The findings indicate insufficient evidence that financially healthy banks engage in signaling behavior. However, banks facing financial distress appear to engage in aggressive signaling relative to healthy banks. Finally, the propensity to engage in signaling behavior is more pronounced for financially distressed banks in the post IFRS regime. While IFRS, under IAS 39 sort to mitigate the discretionary component of LLPs, our finding may be attributable to lax enforcement of IFRS.

Practical implications

The findings have implications for both investors and regulators. Investors should be aware that troubled banks engage in signaling to convey positive information about their future prospects. Regulators should be aware that financially stressed banks have a greater propensity to engage in signaling and need to ensure that the provisions of IFRS (which attempts to limit discretion in estimating LLPs) are enforced more stringently.

Originality/value

The paper contributes to the growing literature on bank signaling in a number of ways. First, the authors use a sample from 18 countries within the EU which has not been done before. Second, unlike prior studies which only examined healthy banks, the authors also include financially distressed banks in the sample. Third, the authors examine signaling behavior in the pre and post IFRS regimes to understand the influence of IFRS on the propensity to engage in signaling by bank managers.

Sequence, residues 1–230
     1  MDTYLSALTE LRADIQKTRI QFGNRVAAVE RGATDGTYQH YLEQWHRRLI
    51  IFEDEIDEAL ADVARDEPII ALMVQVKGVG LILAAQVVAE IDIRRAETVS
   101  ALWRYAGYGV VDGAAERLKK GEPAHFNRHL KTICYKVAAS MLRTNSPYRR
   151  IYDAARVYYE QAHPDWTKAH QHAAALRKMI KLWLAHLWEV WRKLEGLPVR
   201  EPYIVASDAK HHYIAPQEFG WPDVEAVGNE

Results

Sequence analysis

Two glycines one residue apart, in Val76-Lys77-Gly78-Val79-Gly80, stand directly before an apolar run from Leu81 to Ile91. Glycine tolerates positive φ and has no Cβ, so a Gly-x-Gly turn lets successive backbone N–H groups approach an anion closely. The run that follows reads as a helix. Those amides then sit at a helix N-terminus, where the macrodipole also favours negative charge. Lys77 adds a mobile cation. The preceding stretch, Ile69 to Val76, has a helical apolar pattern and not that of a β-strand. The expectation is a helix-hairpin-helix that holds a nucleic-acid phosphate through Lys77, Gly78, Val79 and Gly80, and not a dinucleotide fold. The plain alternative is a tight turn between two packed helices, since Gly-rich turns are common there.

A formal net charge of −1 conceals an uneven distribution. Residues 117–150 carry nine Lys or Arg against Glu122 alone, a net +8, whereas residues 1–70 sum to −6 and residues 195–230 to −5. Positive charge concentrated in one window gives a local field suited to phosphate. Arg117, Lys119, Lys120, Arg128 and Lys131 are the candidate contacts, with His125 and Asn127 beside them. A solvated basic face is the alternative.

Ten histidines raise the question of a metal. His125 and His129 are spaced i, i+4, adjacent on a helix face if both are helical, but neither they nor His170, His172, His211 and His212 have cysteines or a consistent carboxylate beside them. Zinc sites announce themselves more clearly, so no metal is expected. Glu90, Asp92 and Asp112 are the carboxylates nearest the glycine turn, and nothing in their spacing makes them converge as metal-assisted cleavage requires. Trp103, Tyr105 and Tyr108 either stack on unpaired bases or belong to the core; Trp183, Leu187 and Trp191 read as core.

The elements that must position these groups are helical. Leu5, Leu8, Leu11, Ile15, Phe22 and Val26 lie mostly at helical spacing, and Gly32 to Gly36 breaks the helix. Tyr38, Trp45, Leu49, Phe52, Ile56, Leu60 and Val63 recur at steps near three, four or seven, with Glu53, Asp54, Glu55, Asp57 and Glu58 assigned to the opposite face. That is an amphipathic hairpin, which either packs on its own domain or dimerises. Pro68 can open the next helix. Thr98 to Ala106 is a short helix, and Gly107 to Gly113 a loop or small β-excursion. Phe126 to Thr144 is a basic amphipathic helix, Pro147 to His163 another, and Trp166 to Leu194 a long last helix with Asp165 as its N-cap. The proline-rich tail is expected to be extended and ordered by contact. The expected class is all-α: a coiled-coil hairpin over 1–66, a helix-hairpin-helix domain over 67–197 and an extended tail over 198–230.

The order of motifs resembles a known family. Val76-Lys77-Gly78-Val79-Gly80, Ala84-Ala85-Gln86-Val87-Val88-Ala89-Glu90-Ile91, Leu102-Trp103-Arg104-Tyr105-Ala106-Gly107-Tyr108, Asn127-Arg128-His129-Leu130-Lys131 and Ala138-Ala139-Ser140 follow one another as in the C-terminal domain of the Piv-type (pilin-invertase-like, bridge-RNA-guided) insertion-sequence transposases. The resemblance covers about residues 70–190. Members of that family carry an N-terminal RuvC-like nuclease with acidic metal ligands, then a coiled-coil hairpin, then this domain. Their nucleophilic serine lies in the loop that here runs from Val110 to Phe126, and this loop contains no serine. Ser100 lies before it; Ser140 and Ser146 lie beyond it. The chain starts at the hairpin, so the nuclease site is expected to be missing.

Details

Journal of Economic Studies, vol. 39 no. 5
Type: Research Article
ISSN: 0144-3585

Keywords

Book part
Publication date: 1 October 2008

Magnus Lofstrom and John Tyler

In this paper, we develop a simple model of the signaling value of the General Educational Development certificate (GED) credential. The model illustrates necessary…

Abstract